US visa: Nigerians to pay up to $15,000 bond as Trump activates new policy

US visa: Nigerians to pay up to $15,000 bond as Trump activates new policy

- in World News
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Nigerians and other non-Americans travelling to the United States will, from next month, pay between $5,000 and $15,000 bond.

The new policy by the Trump administration takes effect from December 24, 2020, and will last until June 24, 2021.

The Temporary Final Rule (TFR) is contained in a Department of State Public Notice: 11218 (RIN 1400-AE99).

The rule aims to discourage non-citizens’ overstay in America.

The notice stated that the program does not aim to assess whether issuing visa bonds will be effective in reducing the number of aliens who overstay their temporary business tour as visitor/tourist (B-1/B-2) visa.

“Visa applicants potentially subject to the Pilot Program include aliens who: are applying for visas as temporary visitors for business or pleasure (B-1/B-2); are from countries with high visa overstay rates; and already have been approved by DHS for an inadmissibility waiver.”

The State Department noted that the program applies to nationals of specified countries with high overstay rates to serve as a diplomatic tool to encourage foreign governments to take all appropriate actions to ensure their nationals timely depart the U.S. after making temporary visits.

“The Pilot Program will run for six months. During that period, consular officers may require non-immigrant visa applicants falling within the scope of the Pilot Program to post a bond in the amount of $5,000, $10,000, or $15,000 as a condition of visa issuance”, it added.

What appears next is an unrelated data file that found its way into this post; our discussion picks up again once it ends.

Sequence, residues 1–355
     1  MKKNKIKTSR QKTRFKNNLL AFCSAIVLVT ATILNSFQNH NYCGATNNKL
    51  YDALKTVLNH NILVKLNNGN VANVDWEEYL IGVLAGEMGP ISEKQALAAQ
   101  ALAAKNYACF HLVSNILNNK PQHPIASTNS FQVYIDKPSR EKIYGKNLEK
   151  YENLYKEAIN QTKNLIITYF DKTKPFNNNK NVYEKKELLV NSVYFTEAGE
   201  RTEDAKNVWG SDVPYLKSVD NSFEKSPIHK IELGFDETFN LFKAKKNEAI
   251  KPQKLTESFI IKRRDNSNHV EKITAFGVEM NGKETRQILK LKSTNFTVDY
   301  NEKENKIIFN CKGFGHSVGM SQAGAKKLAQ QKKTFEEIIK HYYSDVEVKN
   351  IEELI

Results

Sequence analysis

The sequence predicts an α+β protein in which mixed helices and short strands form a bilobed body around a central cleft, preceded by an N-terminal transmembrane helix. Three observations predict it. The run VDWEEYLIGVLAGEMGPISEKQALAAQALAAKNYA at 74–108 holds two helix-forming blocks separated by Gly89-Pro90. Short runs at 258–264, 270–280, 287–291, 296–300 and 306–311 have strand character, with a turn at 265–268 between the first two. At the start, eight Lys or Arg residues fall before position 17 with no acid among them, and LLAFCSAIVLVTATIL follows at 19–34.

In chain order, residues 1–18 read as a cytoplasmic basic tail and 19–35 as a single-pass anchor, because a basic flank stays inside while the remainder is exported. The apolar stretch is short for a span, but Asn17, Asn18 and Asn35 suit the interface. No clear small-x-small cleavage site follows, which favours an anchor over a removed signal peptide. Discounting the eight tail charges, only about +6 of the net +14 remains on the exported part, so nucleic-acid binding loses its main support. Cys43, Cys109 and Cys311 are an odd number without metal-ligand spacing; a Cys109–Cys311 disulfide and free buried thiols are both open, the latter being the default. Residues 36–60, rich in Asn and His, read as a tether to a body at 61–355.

The amount of the bond will be determined by the consular officer based on the circumstances of the visa applicant.

The rule authorizes consular officers to require the posting of a Maintenance of Status and Departure Bond (visa bond) by an alien applying for, and otherwise eligible to receive, a business visitor/tourist (B-1/B-2) visa.

The notice said the pilot program will help the State Department assess the operational feasibility of posting, processing, and discharging visa bonds, in coordination with DHS.

This, it noted, will inform any future decision concerning the possible use of visa bonds to address the national security and foreign policy objectives articulated in the Presidential Memorandum.

“The Presidential Memorandum highlights the fact that visa overstay rates are unacceptably high for nationals of certain countries and concludes that, “individuals who abuse the visa process and decline to abide by the terms and conditions of their visas, including their visa.”

An overstay is described as a non-immigrant lawfully admitted to the U.S. for an authorized period, but remains beyond his or her authorized period of admission.

The new policy comes months after America announced a plan to restrict students from Nigeria and others from admission of more than two years.

The DHS proposed a “maximum admission period of up to 2 years for certain students”.

Click to view/download Nigeria’s 2019 entry/exit overstay figures

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